The cell cycle in budding yeast is orchestrated with the ultradian rhythm. Recent studies have shown that the latter gates cells into the S phase of the cell cycle, organizes the energetic (redox) status of the cell, and coordinates mitochondrial and metabolic functions (Klevecz et al, 2004). Basic redox molecules such as NAD(P)H and glutathione are under the temporal control of the cell cycle and ultradian rhythm (Lloyd & Murray, 2007). The cellular redox balance is also vital for organization of the cell cycle and the diurnal rhythm (Matés et al, 2008; Lepisto et al, 2009). Similar to the diurnal/cell cycle results presented above, we can identify 58 paralogues that have diverged their regulation under the cell cycle and the ultradian rhythm (twofold enrichment, P<10−5; Fisher's exact test; supplementary Table S4 online). Besides paralogue pairs with divergent regulation, there are 64 genes that are expressed periodically during both the cell cycle and the ultradian rhythm (1.25‐fold enrichment, P<0.02; Fig 2).

Figure 2.

Four‐way Venn diagram of cell‐cycle‐regulated, ultradian‐regulated genes and their paralogues in budding yeast. The number of genes that are regulated by both cycles is indicated in the grey circle. The numbers of ultradian‐regulated genes with cell‐cycle‐regulated paralogues and vice versa are highlighted in the black circles (supplementary Table S7 online). There is an over‐representation of cell‐cycle‐regulated genes with ultradian‐regulated paralogues, and vice versa. The number of cell‐cycle‐ or ultradian‐regulated proteins that do not have ultradian‐ or cell‐cycle‐regulated paralogues, respectively, are indicated in white circles. Within the dashed‐line white circles are proteins of paralogous groups with cell‐cycle‐ or ultradian‐regulated members that do not cycle themselves.

Many recent studies have shown that the mode of duplication—that is, SSD compared with WGD—has an important role in the functional divergence of paralogues (Maere et al, 2005). S. cerevisiae is a degenerated tetraploid resulting from WGD after the divergence of Saccharomyces from Kluyveromyces, followed by extensive gene loss (Wolfe & Shields, 1997). We decided to explore the origin of cell cycle/ultradian paralogue pairs and ask whether there is a preferred mode of duplication for temporal sub/neo‐functionalization. Of a total of 416 paralogous groups (supplementary Table S10 online) in yeast that we identified (see Methods), we subtracted 651 WGD paralogues identified by Byrne & Wolfe (2005), leaving 248 SSD paralogues. For both WGD and SSD paralogues, we observed a significant over‐representation of cell‐cycle/ultradian‐regulated paralogues (supplementary Table S9 online). Although WGD contributes the highest number (31 periodically expressed paralogues), SSD cell‐cycle/ultradian‐regulated paralogues (a total of 27 paralogues) are more enriched compared with random expectation. Although a more detailed analysis is needed, this implies a stronger selection on SSDs. In any case, both modes of duplication contributed to a lineage‐specific functional repertoire of periodic divergent paralogues.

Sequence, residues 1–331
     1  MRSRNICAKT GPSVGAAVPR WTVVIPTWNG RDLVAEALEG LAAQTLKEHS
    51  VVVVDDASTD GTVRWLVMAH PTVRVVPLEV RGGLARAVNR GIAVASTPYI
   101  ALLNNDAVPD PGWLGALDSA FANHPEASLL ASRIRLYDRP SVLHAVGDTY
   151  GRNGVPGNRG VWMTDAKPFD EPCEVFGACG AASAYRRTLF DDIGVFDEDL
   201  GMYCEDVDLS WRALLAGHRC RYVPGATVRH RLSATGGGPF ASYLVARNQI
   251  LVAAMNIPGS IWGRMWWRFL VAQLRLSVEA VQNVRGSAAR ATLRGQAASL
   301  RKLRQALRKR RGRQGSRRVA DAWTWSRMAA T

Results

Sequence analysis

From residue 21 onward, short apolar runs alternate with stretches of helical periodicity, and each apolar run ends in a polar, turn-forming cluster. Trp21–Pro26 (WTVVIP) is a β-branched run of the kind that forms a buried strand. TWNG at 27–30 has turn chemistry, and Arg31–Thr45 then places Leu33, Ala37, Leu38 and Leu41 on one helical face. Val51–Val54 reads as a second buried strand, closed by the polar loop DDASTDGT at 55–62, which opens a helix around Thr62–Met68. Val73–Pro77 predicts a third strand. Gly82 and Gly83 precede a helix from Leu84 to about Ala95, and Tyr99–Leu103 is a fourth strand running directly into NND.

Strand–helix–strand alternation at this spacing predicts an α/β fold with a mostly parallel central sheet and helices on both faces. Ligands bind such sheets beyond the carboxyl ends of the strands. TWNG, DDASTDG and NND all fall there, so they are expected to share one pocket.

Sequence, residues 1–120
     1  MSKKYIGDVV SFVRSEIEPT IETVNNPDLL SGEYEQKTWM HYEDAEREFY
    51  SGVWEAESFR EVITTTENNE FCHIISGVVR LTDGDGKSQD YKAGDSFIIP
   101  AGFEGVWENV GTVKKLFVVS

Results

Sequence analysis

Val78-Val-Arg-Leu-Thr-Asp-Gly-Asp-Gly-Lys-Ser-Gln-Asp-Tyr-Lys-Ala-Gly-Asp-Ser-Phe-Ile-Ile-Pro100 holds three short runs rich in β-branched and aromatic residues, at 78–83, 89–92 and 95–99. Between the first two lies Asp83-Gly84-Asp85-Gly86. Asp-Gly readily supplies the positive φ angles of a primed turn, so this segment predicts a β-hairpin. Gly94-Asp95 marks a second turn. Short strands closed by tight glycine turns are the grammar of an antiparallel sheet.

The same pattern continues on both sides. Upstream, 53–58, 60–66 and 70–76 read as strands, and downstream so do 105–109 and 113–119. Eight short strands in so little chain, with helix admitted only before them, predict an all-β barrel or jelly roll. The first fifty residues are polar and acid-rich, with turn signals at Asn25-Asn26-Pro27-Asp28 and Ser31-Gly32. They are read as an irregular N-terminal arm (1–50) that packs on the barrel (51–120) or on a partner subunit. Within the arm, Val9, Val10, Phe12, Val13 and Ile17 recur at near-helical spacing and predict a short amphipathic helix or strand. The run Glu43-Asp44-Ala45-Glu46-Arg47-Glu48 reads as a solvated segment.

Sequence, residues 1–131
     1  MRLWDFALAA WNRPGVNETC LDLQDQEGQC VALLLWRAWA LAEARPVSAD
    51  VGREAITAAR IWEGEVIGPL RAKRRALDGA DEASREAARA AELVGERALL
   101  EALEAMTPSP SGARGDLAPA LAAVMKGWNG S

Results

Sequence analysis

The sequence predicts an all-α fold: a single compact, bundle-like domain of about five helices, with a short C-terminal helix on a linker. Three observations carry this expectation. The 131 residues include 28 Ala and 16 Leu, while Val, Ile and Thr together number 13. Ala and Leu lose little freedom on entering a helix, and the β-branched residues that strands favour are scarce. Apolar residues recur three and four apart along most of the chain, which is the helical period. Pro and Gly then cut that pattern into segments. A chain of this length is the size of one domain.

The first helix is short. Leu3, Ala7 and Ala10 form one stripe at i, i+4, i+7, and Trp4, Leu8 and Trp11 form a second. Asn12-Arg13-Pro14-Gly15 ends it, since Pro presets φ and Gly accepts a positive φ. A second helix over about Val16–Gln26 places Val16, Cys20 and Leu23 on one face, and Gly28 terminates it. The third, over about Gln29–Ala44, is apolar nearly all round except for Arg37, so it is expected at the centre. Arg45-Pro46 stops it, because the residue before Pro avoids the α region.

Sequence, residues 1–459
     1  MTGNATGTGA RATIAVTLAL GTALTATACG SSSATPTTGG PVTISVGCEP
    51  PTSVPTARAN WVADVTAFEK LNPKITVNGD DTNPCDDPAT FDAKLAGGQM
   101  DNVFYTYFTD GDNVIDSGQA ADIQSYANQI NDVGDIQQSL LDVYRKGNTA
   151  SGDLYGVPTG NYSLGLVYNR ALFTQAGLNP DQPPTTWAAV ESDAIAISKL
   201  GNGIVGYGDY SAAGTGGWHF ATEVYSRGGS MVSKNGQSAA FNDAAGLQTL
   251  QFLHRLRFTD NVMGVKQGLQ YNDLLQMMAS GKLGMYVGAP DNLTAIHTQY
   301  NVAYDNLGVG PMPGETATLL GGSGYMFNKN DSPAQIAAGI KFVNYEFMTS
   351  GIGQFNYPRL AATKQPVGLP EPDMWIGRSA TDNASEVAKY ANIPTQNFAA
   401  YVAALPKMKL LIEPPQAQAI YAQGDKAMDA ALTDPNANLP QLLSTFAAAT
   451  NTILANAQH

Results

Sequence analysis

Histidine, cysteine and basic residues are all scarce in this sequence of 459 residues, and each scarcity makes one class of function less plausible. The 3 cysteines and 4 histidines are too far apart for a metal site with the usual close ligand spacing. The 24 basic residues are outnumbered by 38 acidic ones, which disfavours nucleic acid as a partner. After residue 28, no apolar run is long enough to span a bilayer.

Functional analysis of cell cycle/ultradian paralogue pairs and their mapping to the metabolic network of S. cerevisiae (Fig 3) revealed that cell cycle/ultradian sub/neo‐functionalization has occurred frequently in paralogues that regulate important metabolic substrates, such as glucose, pyruvate and sulphate. For example, glucose is transported by the major facilitator superfamily of transporters (HXT), a few of which compose a cell‐cycle/ultradian‐regulated paralogous group. S. cerevisiae grows in a variety of glucose concentrations because of the presence of several HXT genes, which show glucose transport with dual kinetics (high‐glucose and low‐glucose affinity) and change their expression levels in response to culture conditions (Verwaal et al, 2002). Yeast proliferates fast in a glucose‐rich environment, wherein low‐affinity transporters are expressed (for example, the cell‐cycle‐regulated HXT2 gene), but the cell cycle slows down markedly after glucose depletion, upon which high‐affinity transporters are induced (for example, the cell‐cycle‐regulated HXT7 gene; Ozcan & Johnston, 1999). Trehalose and glycogen—reserve carbohydrates—have been reported to accumulate under low growth rate conditions. Interestingly, they have a dual role: their degradation maintains the ATP flux in S. cerevisiae when glucose deteriorates, but they can also fuel the cell to enter the S phase of the cell cycle when culture conditions improve (Silljé et al, 1999). The ultradian‐rhythm‐regulated HXT5 gene is not affected by glucose concentration in the environment, similarly to HXT2 or HXT7, but it is expressed highly during low growth rate (Verwaal et al, 2002). It has been suggested that HXT5 regulates the uptake of glucose for production of trehalose, which is in accordance with its ultradian role in balancing the redox (ATP) status and helping the cell enter the S phase. In contrast to the cell‐cycle‐regulated HXT2 and HXT7 genes, which sense their glucose‐sufficient environment and drive the culture to cell cycle—which is an energy‐demanding process—the ultradian‐regulated HXT5 gene senses the glucose‐insufficient environment and stores energy, indicating that temporal sub/neo‐functionalization accompanies functional divergence.